The Christian Brothers, the worst offenders in the clerical child abuse scandal, last night bowed to intense pressure and agreed to look for a possible new deal to make amends to its victims.
Almost one week after the shocking Ryan Report was published, the order appealed for another six weeks to listen to people who their members abused and tortured, their families and support and representative groups – and suggested it could hand over millions directly to victims of abuse.
Crucially, this would mean no renegotiation of the 2002 indemnity deal, which capped the amount that religious orders are liable to pay victims at €128m.
And the Christian Brothers will not offer up accommodation centres and the funding and resources it says it needs to support members and some of its work at home and abroad.
However, it does have other properties and assets worth millions that it said could be used to compensate abuse victims for their suffering.
In a statement yesterday, the order said: “The Brothers, in consultation with former residents and other stakeholders, including Government, will review how our resources can best be applied in reparation for abuses of the past and as an investment in child education and welfare for present and future generations.
“This review process will extend to all of our resources above and beyond such accommodation and means necessary to maintain the members of our Congregation and to support selected commitments at home and overseas.”
Taoiseach Brian Cowen publicly apologised in the Dail on behalf of the State for failing to protect and rescue children while warning the original redress deal could not be redrawn.
“It is indeed the advice for Government that it is not possible to reopen that particular agreement,” Mr Cowen told the Dail. “But at the same time, I think it in no way hinders additional voluntarily contributions being made by those congregations, as an indication of the sincerity of their position, as a result of the graphic, horrendous details which form the central part of this report.”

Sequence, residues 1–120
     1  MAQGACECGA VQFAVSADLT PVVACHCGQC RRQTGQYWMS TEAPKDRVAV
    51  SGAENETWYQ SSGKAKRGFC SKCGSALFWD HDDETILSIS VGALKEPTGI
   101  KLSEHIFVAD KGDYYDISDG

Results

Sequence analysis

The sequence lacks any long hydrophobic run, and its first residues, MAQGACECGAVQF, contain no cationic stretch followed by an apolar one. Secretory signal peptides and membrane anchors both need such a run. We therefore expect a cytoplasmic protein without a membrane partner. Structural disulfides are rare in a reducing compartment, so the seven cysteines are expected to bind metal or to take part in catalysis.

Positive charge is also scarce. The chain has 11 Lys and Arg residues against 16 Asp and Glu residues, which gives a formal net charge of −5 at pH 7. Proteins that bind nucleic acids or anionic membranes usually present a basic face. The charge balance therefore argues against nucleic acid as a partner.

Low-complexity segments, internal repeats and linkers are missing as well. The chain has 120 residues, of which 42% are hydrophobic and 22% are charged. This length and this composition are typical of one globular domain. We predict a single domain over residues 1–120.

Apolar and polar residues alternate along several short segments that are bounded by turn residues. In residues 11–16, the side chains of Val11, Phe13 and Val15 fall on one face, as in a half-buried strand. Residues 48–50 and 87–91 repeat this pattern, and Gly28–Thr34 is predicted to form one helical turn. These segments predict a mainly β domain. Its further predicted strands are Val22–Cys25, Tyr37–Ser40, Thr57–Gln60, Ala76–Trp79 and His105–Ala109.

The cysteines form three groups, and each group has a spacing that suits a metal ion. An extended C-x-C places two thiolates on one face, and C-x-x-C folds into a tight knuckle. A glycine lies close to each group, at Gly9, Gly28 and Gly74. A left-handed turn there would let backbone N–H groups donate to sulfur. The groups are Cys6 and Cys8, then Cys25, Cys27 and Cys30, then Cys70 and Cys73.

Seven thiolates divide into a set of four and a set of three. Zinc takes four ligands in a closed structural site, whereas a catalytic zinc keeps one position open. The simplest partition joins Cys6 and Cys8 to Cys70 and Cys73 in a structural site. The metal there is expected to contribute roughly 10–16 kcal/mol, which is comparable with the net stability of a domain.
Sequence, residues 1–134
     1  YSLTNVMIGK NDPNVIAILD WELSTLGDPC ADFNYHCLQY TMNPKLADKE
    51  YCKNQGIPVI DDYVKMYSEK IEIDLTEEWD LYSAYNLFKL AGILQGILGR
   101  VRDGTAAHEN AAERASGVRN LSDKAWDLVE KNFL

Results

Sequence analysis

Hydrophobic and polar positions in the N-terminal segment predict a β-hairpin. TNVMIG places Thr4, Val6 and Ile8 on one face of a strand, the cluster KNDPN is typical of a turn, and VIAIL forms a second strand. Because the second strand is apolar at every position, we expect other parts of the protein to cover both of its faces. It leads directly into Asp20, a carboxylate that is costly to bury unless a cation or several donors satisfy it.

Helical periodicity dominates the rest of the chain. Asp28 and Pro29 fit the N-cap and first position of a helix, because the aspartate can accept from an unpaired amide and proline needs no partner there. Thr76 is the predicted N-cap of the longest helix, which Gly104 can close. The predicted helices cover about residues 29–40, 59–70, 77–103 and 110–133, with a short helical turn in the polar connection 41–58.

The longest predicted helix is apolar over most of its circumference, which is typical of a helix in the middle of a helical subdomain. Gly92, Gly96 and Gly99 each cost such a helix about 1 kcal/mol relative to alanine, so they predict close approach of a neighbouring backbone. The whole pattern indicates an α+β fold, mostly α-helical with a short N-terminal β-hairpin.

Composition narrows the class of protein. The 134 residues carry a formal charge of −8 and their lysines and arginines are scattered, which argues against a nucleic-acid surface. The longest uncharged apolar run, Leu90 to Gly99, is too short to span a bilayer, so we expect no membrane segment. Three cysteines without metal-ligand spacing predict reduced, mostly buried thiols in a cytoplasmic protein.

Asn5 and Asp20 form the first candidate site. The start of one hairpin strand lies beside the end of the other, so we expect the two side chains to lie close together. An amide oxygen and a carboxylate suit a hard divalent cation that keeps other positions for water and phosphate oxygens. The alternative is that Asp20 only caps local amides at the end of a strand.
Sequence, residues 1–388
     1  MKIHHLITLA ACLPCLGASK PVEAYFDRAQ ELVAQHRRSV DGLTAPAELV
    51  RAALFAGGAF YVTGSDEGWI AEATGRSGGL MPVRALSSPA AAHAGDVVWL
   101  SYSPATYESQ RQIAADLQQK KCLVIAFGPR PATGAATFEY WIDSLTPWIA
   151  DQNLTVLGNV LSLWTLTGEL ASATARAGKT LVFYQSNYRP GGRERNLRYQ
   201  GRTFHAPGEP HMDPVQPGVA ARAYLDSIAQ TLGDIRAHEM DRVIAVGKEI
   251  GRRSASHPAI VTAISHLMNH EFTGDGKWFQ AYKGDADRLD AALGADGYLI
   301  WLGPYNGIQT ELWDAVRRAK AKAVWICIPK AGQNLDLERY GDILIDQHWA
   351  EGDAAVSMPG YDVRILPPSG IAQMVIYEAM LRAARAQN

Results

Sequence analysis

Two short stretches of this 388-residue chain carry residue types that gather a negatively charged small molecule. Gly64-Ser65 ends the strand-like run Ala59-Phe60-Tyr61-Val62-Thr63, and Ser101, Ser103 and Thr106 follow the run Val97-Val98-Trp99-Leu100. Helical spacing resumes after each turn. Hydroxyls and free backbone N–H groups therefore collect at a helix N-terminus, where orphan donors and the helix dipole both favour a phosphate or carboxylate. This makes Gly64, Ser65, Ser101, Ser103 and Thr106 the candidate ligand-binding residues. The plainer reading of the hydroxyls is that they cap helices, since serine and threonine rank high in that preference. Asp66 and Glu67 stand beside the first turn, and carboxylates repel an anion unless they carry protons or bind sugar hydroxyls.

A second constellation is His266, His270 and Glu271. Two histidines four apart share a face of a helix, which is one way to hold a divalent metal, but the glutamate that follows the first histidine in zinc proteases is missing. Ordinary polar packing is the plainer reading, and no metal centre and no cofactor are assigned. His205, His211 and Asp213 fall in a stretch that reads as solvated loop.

The Christian Brothers, who struck an immunity clause in the middle of the child abuse inquiry, will consult with Government during the review.
Mr Cowen also addressed the issue of moral responsibility and said both the orders and the State had failed children.
In its statement, the Christian Brothers, which ran the most of |the institutions for older boys, said it would look at the best way of making reparation for abuses of the past and investing in child education and welfare.
“We have extended the suffering of former residents who were either not listened to or not |believed,” it said in a statement. “As a congregation we want to make amends and to beg forgiveness.”
The Christian Brothers also said it accepted, with shame, the findings of the Ryan inquiry and that it was deeply sorry for the hurt, mistakes of the past and |the inadequacy of its responses over recent years.
The Dail heard cross-party support for a motion to reflect the widespread outrage at the decades of clerical child abuse.
Meanwhile, Cori, the Conference of the Religious in Ireland which represents the 18 congregations responsible for institutional abuse of children, said the controversial 2002 redress deal, which capped their contribution at €127m would not be reviewed.